Temple University in Philadelphia (Photo via Flickr Commons)

Temple University’s
 president says the school has opted against furloughs for now, the Inquirer reports.
The Trans organization SisTers PGH has created BroThers PGHa program aimed at trans menPittsburgh City Paper reports.
An Erie woman diagnosed with the coronavirus was jailed for refusing to self-isolate, which caused 30 people to go into quarantinePennLive reports.
The Morning Call looks at the hit that Lehigh Valley school districts’ budgets have taken from COVID-19. But tax increases aren’t likely.

Here’s your #Harrisburg Instagram of the Day.

Pennsylvania, New Jersey, and Delaware will buy supplies with other states, WHYY-FM reports.
Pennsylvania will try to test 8,500 residents a day, below the 19,000 that experts say is necessary, the PA Post reports. looks at the assistance states are providing to gig workers.
Congress returns to work this Monday morning with procedures in place to safeguard lawmakers, Roll Call reports.

What Goes On.
The House comes in at 1 p.m. The Senate is off today. And there’s still plenty of (virtual) committee fun.

In the Senate:

In the House:

    Remotely via video conferencing Zoom, 9 a.m.
    Room 140 Main Capitol, 12:00 p.m

Time TBD: Daily COVID-19 briefing

You Say It’s Your Birthday Dept.
Best wishes go out this morning to PolitcsPA Managing Editor John Cole, who completes another trip ’round the sun today. Congrats and enjoy the day, sir.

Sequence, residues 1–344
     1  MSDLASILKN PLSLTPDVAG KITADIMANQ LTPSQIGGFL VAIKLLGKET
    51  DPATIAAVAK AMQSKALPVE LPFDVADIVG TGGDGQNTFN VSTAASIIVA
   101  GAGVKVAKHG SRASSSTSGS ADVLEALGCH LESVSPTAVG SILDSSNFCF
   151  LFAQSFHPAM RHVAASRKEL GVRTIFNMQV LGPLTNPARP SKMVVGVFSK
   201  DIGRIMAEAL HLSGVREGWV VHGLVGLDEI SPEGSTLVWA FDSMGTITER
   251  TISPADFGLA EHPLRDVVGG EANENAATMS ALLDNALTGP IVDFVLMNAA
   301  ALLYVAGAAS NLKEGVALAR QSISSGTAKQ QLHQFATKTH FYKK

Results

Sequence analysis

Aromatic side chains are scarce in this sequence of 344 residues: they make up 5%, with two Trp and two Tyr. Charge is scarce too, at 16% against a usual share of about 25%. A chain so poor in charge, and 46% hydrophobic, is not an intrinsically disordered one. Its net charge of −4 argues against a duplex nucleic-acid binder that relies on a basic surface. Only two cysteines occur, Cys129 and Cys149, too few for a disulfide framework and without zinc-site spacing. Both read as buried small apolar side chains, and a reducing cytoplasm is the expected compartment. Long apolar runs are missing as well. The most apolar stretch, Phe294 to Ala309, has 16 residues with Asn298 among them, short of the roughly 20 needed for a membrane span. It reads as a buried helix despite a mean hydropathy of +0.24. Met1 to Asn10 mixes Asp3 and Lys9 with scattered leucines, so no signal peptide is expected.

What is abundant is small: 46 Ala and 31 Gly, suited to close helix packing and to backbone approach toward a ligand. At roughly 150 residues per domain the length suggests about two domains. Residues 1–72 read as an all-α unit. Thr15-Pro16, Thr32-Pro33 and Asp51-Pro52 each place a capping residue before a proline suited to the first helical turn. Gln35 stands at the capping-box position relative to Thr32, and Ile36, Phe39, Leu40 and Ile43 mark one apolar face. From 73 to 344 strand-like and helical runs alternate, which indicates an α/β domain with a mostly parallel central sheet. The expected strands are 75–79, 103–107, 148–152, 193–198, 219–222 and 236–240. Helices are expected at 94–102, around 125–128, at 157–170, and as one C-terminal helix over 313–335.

Heavy Rotation.
Here’s an old favorite from Coldplay that popped up over the weekend. It’s “Ink,” from 2014’s “Ghost Stories.”

Monday’s Gratuitous Baseball Link. 
runs down the 30 biggest pop culture moments for every major league team.

And now you’re up to date.

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John L. Micek
John L. Micek

A 3-decade veteran of the news business, John L. Micek is the Pennsylvania Capital-Star's Editor-in-Chief. An award-winning political reporter, Micek’s career has taken him from small town meetings and Chicago City Hall to Congress and the Pennsylvania Capitol. His weekly column on U.S. politics is syndicated to 800 newspapers nationwide by Cagle Syndicate. He also contributes commentary and analysis to broadcast outlets in the U.S., Canada and the U.K. Micek’s first novel, “Ordinary Angels,” was released in 2019 by Sunbury Press.